Latin America’s Oxygen Shortage


Photo courtesy of BBC News

Brianna Frezza

As a second wave of Covid-19 strikes Latin America, new information has emerged of frantic family members waiting to purchase oxygen to help infected loved ones battling for breath. WIO News reported many people have been deprived of this vital resource due to the virus. There is a calling for help, and lives are at stake. As the demand for this essential gas takes off, it is getting more difficult for those families to buy the oxygen tanks that are crucial to treat the needs of those who are sick. AP News stated that fears have now arisen as the news of this shortage has spread across Latin America. 

This inadequate supply of oxygen has hit the Brazillian city of Manaus amidst a sharp rise of Covid-19 cases. On a world map produced by PATH to show daily oxygen needs, Brazil is marked with a large dot indicating demand for 327,000 oxygen cylinders. Maria Auxilladora da Cruz was battling Covid-19 before the clinic ran out of oxygen and was progressively doing better. On January 14th, Cruz’s oxygen was above normal levels at 95%. Hours later, she and her family were distressed when they discovered they were not able to acquire any oxygen, and her levels plummeted, according to BBC News.

Since Intubation was not possible and there was no oxygen for the ventilators, the 67 year old retired nurse passed away that night. Her daughter in law, Thalita Rocha, stated to BBC, “It was horrible. It was a catastrophe. Many elderly patients began to deteriorate and turn blue.” The health system of Manaus, Brazil has collapsed two times during the pandemic and has since doubled the amount of deaths between December and January. Brazil has the world’s second highest Covid-19 mortality rate with more than 221,000 fatalities, according to BBC News. Now, there are fears the lack of oxygen could spread further into Latin America and put others at risk.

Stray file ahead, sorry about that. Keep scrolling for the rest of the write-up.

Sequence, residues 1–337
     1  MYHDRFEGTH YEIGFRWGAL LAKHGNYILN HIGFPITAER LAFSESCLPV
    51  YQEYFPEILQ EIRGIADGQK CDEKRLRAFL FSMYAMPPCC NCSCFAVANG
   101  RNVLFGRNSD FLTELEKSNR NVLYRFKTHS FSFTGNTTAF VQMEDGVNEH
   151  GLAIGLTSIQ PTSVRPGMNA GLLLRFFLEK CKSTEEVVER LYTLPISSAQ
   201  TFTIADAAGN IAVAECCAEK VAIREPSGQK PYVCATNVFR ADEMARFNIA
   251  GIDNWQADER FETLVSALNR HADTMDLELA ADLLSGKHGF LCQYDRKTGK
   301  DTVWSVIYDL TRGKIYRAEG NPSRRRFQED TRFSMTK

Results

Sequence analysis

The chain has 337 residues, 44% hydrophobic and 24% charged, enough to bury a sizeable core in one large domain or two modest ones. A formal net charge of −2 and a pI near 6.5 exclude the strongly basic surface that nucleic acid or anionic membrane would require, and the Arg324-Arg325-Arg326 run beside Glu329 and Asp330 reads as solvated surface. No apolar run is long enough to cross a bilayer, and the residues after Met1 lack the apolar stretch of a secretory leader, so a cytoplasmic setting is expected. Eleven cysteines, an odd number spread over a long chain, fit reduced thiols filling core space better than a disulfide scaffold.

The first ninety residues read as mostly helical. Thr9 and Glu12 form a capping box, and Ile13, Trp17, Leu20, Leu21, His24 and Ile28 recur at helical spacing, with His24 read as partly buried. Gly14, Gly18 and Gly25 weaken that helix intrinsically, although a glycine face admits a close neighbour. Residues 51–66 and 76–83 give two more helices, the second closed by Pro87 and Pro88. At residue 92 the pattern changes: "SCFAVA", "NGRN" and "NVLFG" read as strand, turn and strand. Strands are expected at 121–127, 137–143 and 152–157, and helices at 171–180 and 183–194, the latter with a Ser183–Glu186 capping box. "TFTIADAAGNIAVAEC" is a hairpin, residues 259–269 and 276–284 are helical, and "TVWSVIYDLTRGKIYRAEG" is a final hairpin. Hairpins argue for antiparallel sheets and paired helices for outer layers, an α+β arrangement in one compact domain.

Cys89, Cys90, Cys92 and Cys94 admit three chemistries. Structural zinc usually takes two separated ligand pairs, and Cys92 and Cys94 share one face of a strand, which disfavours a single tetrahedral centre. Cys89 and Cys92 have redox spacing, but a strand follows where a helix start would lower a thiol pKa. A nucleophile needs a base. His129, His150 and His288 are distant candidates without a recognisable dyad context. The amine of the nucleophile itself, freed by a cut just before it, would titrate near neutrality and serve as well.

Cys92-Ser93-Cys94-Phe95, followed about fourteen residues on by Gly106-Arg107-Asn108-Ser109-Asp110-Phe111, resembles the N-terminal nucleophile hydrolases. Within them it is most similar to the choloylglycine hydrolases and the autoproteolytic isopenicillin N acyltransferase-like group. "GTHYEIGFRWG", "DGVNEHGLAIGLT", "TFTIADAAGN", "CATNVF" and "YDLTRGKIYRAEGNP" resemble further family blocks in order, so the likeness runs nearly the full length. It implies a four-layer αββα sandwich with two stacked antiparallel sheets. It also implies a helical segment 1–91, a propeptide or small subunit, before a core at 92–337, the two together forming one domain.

According to the World Health Organization, some hospitals have seen the demand for oxygen increase between five and seven times above the normal rate, and in severe cases of the virus, it rises to three in five. They also stated that one in five hospitalized Covid-19 patients will require oxygen, and with this substantial shortage, it is difficult to provide all necessary supplies in time without lives being lost in the process. Lisa Smith, from Path’s market dynamics program states, “We need to think about our oxygen as much as we think about electricity, water or other essential utilities.” It is crucial for this matter to be taken as seriously as any other, and with more people dying it brings even more attention to see what needs to be done to save lives.